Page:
Five Questions For Michele Bachmann: Redux

Two years ago, avid Garnet Spy fan, Minnesota Congresswoman and darling of the Tea Party Michele Bachmann responded to some questions about the future of the Republican Party and conservatism.

Rep. Bachmann’s prominence on the national stage has grown considerably since then. Because of this higher profile and her recent barnstorming through South Carolina, a key GOP primary state, her post from February of 2009 is re-posted here.

[OK, “avid Garnet Spy fan” may be a bit fanciful.]

Representative Michele Bachmann of Minnesota has become an outspoken – and occasionally controversial – conservative voice in the House of Representatives since her first term began in 2007.  A frequent guest on a variety of news and commentary programs on radio and television, Rep. Bachmann was kind enough to answer “Five Questions For Michele Bachmann.”

What must the GOP do – nationally – to convince voters that it has the best ideas for governing?

First and foremost, Republicans must once again embrace conservative principles, and thankfully if the vote on the Democrats “stimulus” package is any indication, we’re once again finding our conservative voice. We are and always have been the real party of reform and innovation – from health savings accounts to social security reform to reducing the role of government in our lives – we must make it clear that we are the real party of change. When we were in control of the White House and Congress, we squandered an ideal opportunity to advance conservative principles – the principles upon which we were elected – in place of big government programs and spending. Plain and simple, we governed like Democrats. If we refocus our message on core conservative principles, we’ll be winning elections again in no time.

From the TARP, to the automobile company bailout, to Al Franken and the Democrat majority, what should the Republican Party strategy be to get the country solvent both politically and fiscally?

Our government is recklessly burning through money that we don’t even have. It’s an awfully poor example we’re setting for Americans who are struggling with budgeting and debt of their own to see their government have no regard for fiscal accountability whatsoever. Remember, our children and grandchildren are the ones who are going to reap the horror of our reckless ways, and it’s the government that is sticking them with the bill.

>Thankfully, the Republican Party has been outspoken in its belief in real tax cuts and in reiegning in government spending. History has taught us that the best way to stimulate the economy and create jobs is to cut wasteful spending, reduce the tax burden on small businesses and families, and keep money in the private sector. In fact, Republicans have introduced the Economic Recovery and Middle-Class Tax Relief Act of 2009 to do just that.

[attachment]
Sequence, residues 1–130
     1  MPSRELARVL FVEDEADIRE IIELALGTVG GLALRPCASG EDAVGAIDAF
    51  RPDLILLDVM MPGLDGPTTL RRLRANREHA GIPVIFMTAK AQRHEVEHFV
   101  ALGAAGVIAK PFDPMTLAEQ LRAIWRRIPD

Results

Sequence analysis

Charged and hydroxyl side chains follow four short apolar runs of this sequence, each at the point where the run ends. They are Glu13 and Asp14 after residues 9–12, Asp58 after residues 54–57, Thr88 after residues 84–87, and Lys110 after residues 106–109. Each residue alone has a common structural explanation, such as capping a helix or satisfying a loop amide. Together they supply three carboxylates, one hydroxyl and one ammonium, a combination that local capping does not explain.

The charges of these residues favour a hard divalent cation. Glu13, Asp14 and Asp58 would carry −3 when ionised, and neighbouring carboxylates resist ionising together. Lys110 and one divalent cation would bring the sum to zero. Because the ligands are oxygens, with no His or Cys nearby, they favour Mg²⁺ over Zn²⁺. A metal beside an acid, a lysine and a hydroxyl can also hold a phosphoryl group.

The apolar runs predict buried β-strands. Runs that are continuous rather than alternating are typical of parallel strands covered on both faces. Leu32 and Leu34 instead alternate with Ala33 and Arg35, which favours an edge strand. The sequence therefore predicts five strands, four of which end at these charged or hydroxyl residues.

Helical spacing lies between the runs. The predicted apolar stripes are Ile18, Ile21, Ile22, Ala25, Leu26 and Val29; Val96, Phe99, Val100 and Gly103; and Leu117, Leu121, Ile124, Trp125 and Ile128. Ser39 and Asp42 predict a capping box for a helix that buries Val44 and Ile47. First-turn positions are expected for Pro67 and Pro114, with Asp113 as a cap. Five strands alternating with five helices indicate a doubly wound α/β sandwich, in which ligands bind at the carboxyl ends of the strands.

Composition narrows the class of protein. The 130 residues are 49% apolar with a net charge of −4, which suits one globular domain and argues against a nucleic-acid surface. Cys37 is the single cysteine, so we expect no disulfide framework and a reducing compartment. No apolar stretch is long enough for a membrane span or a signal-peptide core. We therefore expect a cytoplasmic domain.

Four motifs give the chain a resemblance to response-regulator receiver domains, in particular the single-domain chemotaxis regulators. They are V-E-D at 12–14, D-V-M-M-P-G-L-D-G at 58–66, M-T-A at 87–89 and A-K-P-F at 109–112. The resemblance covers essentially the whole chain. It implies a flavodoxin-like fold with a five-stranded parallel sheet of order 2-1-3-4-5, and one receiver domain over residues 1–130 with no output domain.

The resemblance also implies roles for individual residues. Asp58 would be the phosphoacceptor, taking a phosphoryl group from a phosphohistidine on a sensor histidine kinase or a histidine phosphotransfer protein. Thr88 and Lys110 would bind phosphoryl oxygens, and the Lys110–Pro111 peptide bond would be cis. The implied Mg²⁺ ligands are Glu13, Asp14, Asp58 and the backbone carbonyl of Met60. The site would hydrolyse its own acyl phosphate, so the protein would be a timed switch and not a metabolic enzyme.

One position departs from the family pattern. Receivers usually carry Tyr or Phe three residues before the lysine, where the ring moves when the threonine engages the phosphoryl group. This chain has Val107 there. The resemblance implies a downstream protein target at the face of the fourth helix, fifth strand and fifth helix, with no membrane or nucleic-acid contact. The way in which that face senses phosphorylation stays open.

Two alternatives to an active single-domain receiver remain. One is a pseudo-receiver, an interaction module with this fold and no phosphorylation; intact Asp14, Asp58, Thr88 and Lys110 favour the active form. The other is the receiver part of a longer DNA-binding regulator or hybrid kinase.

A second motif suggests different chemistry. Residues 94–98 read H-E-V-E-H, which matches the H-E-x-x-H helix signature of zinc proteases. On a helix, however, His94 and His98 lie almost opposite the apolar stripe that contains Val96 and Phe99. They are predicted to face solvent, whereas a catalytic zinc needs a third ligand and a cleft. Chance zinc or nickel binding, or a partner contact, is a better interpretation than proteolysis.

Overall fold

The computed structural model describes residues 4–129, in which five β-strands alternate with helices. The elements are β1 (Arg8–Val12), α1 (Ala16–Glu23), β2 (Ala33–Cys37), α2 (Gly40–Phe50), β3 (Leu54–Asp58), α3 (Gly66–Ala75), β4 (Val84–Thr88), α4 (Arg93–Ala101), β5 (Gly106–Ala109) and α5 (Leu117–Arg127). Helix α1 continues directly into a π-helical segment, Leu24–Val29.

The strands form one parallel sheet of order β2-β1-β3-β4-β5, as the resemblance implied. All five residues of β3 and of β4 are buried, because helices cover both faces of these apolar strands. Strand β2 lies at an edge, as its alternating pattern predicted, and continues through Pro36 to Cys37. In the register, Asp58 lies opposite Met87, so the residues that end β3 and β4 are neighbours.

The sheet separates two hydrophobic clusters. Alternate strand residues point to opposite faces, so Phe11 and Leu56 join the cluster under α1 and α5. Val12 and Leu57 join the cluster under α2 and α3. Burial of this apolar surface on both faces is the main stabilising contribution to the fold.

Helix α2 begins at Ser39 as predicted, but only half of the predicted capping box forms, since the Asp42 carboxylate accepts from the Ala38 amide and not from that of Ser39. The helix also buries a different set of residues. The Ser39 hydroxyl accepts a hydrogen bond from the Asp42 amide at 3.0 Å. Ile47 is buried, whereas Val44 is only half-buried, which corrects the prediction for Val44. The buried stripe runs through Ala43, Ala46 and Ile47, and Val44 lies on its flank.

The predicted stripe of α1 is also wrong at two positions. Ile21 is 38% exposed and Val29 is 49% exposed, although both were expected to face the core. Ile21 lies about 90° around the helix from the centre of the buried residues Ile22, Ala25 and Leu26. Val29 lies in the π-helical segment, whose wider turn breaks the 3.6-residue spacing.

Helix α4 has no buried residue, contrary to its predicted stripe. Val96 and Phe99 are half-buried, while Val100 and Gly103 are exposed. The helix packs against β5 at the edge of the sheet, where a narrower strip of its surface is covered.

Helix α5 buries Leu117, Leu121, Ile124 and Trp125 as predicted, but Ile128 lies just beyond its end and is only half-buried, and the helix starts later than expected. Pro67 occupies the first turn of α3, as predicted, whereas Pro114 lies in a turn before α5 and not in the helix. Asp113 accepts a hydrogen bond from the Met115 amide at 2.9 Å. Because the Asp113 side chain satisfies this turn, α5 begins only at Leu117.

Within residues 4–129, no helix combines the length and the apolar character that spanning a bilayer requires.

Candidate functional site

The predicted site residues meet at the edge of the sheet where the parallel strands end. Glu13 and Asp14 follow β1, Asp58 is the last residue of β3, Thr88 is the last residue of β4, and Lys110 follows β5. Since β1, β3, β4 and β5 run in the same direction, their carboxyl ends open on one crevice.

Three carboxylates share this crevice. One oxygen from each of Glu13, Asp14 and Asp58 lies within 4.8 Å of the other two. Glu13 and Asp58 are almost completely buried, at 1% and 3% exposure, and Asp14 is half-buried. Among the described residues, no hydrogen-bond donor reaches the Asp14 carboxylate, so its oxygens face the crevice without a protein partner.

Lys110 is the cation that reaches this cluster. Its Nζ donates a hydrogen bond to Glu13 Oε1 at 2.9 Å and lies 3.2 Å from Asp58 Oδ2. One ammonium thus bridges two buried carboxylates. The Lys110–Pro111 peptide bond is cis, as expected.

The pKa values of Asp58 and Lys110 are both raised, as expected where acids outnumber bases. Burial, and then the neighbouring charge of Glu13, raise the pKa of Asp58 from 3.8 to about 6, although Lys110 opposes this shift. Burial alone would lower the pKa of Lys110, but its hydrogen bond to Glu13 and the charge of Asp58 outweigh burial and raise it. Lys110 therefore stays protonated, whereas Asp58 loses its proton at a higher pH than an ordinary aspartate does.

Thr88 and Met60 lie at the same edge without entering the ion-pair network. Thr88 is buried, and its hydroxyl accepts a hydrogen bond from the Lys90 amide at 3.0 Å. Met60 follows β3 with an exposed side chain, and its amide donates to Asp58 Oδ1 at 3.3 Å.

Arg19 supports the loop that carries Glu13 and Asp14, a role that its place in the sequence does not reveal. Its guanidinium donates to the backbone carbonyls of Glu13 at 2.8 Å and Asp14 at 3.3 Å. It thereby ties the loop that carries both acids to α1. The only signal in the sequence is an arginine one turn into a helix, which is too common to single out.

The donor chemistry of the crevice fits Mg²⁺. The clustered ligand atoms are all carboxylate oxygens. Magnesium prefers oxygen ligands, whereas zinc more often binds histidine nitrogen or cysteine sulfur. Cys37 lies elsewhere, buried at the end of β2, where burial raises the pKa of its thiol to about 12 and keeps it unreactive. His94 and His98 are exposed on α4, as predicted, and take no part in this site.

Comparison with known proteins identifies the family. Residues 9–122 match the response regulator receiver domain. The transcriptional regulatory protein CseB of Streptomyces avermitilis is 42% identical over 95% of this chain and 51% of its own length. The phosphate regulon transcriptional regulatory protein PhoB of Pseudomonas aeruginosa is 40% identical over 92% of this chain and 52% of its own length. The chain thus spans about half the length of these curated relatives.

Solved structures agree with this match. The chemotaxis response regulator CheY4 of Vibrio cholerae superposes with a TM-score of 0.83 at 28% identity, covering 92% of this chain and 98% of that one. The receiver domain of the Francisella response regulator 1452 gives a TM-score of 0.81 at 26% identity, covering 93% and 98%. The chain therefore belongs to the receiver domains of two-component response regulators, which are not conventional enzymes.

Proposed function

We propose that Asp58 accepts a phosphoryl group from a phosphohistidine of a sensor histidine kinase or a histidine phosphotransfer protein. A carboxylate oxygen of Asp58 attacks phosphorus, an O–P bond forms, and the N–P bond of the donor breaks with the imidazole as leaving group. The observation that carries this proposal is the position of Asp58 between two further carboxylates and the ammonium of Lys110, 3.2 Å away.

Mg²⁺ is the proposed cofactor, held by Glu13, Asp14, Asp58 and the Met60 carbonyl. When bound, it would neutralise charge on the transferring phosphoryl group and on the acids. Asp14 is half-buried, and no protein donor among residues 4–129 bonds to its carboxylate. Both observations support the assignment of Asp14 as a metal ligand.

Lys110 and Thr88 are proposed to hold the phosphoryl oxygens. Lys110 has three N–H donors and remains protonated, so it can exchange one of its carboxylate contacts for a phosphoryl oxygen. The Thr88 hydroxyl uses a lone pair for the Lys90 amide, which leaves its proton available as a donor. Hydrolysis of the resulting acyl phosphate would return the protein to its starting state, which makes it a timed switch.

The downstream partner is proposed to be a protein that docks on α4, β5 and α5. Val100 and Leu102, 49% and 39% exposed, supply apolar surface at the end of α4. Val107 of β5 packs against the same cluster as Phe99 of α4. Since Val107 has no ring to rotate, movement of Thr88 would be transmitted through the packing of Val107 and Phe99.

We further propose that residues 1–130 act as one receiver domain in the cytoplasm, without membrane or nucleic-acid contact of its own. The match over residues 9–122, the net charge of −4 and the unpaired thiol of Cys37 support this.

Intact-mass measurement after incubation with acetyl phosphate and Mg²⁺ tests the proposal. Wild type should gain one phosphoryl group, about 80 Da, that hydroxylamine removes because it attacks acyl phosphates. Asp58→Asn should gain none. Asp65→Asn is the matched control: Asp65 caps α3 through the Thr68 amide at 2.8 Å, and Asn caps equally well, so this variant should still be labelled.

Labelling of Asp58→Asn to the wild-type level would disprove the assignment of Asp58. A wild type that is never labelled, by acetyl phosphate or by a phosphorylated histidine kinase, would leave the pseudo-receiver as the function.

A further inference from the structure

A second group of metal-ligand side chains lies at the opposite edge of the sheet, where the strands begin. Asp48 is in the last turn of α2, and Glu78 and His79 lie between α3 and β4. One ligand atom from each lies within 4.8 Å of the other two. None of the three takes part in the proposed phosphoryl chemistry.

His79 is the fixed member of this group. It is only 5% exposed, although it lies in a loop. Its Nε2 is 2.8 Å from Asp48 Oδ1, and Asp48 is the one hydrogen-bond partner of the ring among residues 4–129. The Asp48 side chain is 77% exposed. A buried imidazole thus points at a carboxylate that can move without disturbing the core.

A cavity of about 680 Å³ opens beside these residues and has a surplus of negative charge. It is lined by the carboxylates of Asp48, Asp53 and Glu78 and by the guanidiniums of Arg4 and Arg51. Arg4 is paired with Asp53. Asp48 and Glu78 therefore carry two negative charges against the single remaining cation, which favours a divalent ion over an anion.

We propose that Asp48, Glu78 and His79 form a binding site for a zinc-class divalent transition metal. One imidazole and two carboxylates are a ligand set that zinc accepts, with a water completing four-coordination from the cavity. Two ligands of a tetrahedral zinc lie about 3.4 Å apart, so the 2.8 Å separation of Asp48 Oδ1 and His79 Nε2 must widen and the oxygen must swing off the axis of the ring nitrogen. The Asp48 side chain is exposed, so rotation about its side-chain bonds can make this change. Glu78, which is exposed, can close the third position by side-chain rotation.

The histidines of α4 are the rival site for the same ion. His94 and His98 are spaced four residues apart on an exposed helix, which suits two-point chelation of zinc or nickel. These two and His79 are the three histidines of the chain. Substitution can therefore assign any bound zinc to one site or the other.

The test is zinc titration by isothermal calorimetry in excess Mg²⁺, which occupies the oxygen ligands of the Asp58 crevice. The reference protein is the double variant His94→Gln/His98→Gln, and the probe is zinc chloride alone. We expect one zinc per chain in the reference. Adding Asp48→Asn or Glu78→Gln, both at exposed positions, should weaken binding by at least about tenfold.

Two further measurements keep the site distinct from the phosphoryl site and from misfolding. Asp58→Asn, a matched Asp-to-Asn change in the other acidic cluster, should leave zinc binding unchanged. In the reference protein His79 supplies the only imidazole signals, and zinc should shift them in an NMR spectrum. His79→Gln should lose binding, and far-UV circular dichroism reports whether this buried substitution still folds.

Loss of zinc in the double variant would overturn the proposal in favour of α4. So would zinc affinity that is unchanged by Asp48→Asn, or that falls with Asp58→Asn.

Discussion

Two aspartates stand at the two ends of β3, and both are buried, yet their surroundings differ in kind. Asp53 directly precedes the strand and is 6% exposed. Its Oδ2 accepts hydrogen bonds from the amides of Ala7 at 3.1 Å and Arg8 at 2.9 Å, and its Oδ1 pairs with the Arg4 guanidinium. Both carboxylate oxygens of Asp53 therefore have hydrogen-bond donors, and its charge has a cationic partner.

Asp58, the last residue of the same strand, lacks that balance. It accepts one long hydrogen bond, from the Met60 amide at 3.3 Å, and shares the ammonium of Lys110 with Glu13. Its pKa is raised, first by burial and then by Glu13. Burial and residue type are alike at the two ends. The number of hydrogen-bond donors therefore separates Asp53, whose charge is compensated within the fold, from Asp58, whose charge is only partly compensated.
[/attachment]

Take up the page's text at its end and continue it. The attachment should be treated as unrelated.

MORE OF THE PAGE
Do you have any reservations about an Obama presidency? What do you see as a potential positive?

This is a historic presidency and a proud moment in America’s history. But we must separate the man his policy initiatives. With a liberal Democrat in the White House and liberals in control of the House and Senate, it’s my hope that the Republican minority will be forced to straighten out our own messaging and promote and defend the key principle of fiscal responsibility. Economic stewardship must be our priority not only because it’s right, but because it’s essential to the long-term viability of a prosperous America.

What do you see as the state of conservatism in the United States today?

I’ve said in other interviews in the past that conservatism is not dead; it simply needs to be reignited. When you have Democrats winning seats in Congress by running their campaigns with strong conservative undertones – low taxes, responsible spending, personal responsibility – you know that’s what America wants and expects from its elected officials. We need to once again take hold of those principles and act on them. Only then will the American people begin to trust and embrace the Republican Party.

You’re one of the fresh faces for the GOP. Who do YOU see as that future and why?

There are so many talented leaders in the Republican Party today, that you can’t possibly list them all here and do each of them justice. But Bobby Jindal is one of my favorites and is doing a phenomenal job as Governor of Louisiana. His name’s not going away and as you know, he’s being talked about as a Presidential contender in 2012. The Republican Party is not short on youth and talent, and the great thing is that many of our freshest faces aren’t afraid to embrace and make known their conservative beliefs.


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